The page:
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Monday, September 20, 2021

Meet Titanokorys gainesi, one of Earth’s largest predators 500 million years ago

The name Titanokorys means "titanic helmet," and for good reason. This creature's head carapace represented about two-thirds of its body length of roughly 50 cm.

By: Reuters |
September 9, 2021 2:01:19 pm
Titanokorys gainesiReconstruction of Titanokorys gainesi. (Caron & Moysiuk, Royal Society Open Science. DOI: 10.1098/rsos.210664)

About 506 million years ago, a strange marine creature whose body so resembled a science-fiction spacecraft that it has been dubbed ‘the mothership’ thrived in tropical seas, menacing prey on the ocean floor in what is now Canada as one of Earth’s largest predators to that point in time.

Scientists on Wednesday announced the discovery of fossils of a Cambrian Period arthropod named Titanokorys gainesi in Kootenay National Park in the Canadian Rockies, within a vast rock formation called the Burgess Shale.

The name Titanokorys means “titanic helmet,” and for good reason. This creature’s head carapace represented about two-thirds of its body length of roughly 20 inches (50 cm). While that may not sound big by modern standards, during the Cambrian Period – a pivotal juncture in the history of life on Earth – it was a giant.

“Most other life forms were smaller than a human thumbnail at that time. By comparison, Titanokorys was longer than an adult human forearm. Yes, it was a giant dude,” said paleontologist Jean-Bernard Caron of the Royal Ontario Museum in Toronto, lead author of the study published in the journal Royal Society Open Science.

Titanokorys boasted multifaceted eyes, a circular mouth studded with triangular tooth-like structures, two spiny rake-like claws to capture prey, feather-like gills and a series of flaps on the sides of its body for swimming.

“Overall, the animal looked torpedo-shaped and was relatively flat, an adaptation to living along the sea floor. It could be compared to a giant swimming head since the body was so short – very bizarre-looking beast indeed,” Caron said.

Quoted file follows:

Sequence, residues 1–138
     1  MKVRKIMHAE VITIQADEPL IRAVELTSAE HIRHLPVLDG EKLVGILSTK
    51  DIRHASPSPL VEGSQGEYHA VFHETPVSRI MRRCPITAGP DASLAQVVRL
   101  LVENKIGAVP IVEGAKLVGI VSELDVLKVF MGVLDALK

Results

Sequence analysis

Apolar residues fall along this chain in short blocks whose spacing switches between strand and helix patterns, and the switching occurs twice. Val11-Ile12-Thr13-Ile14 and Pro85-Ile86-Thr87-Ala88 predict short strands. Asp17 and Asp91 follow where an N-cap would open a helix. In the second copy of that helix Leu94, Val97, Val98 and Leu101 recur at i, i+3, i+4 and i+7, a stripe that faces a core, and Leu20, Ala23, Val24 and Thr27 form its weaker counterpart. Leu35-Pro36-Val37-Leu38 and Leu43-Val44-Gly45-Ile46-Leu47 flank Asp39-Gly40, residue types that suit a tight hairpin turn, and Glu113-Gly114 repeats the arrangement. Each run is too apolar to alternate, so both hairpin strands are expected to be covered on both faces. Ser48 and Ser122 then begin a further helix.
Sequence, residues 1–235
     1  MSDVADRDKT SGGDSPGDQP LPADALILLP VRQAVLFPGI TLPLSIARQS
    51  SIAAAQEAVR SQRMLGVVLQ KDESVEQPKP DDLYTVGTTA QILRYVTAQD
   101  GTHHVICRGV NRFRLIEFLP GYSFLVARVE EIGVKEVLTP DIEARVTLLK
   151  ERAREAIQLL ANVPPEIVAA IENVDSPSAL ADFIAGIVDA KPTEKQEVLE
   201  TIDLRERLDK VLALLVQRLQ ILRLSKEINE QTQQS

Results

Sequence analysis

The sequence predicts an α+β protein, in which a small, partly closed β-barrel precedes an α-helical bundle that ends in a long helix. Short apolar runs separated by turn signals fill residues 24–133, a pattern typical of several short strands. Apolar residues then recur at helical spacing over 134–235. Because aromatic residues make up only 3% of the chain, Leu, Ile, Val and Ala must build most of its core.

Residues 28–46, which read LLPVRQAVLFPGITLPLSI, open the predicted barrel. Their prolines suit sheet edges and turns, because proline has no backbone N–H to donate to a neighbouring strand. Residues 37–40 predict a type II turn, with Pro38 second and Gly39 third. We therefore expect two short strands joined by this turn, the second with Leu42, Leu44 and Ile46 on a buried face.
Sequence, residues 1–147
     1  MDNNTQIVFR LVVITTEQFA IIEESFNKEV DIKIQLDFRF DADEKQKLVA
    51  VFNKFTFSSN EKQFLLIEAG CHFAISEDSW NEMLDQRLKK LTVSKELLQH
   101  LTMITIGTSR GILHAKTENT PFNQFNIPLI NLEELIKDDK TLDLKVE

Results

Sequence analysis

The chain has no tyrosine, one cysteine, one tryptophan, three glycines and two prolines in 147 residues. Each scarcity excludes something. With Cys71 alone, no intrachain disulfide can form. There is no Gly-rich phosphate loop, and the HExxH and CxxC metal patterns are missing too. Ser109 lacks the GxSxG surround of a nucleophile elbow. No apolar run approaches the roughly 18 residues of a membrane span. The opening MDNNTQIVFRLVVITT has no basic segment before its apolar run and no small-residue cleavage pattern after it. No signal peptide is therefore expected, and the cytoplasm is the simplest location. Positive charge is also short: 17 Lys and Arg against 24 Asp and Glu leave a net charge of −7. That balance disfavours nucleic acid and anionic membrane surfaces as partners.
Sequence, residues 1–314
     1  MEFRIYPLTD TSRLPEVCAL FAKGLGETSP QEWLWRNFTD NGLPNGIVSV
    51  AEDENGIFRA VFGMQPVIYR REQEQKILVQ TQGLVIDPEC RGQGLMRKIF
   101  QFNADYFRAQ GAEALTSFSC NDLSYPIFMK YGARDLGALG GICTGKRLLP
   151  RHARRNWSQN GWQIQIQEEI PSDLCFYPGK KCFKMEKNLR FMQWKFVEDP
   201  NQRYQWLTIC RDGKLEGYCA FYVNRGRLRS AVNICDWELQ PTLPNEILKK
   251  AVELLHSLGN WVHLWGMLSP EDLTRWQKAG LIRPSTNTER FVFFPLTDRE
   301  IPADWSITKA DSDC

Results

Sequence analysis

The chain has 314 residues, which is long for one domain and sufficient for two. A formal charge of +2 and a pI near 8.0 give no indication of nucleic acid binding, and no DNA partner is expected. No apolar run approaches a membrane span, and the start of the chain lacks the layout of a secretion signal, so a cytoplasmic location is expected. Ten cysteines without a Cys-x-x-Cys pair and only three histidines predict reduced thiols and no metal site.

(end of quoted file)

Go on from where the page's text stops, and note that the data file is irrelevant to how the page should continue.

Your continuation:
It lived at a time when most of north America was below tropical seas. “When the carapace fossils were first discovered, they were so unusual looking that we weren’t initially sure what sort of animal they belonged to,” said paleontologist and study co-author Joe Moysiuk of the University of Toronto and the Royal Ontario Museum. “In the field we nicknamed them ‘the mothership,'” Moysiuk added. The nickname ‘spaceship’ was given to a smaller cousin also found in the Burgess Shale, a treasure trove of Cambrian fossils.

Scientists discovered partial fossils of at least a dozen Titanokorys individuals in British Columbia between 2014 and 2018.

Arthropods are an expansive group including insects, spiders and crustaceans such as crabs and lobsters. They are invertebrates with exoskeletons, segmented bodies and jointed appendages. Its large head carapace makes Titanokorys resemble modern horseshoe crabs, though they represent different arthropod lineages.

It was during the Cambrian Period, from about 542 million to 488 million years ago, when many major animal groups first burst onto the scene. The relatively short span of time in which this unfolded inspired the term ‘Cambrian Explosion.’

Titanokorys is a member of an arthropod lineage called radiodonts that lasted from about 520 million years ago to about 390 million years ago. Another radiodont was Anomalocaris, perhaps the largest Cambrian predator, reaching about 3 feet (1 meter) long. Spines on the grasping appendages of Anomalocaris were adapted to spear or grab sizable prey, differing from Titanokorys.

Titanokorys apparently fed on buried prey like worms, using its claws to stir up the mud and strain out any morsels. Its claws were adapted not to grasp prey but to bring food toward its mouth. “Titanokorys may have swum something like a modern stingray, undulating the flaps along the side of its body,” Moysiuk said.

It lived alongside various arthropods and worms as well as the small fish Metaspriggina, an evolutionary forerunner of the planet’s many vertebrates, including people.

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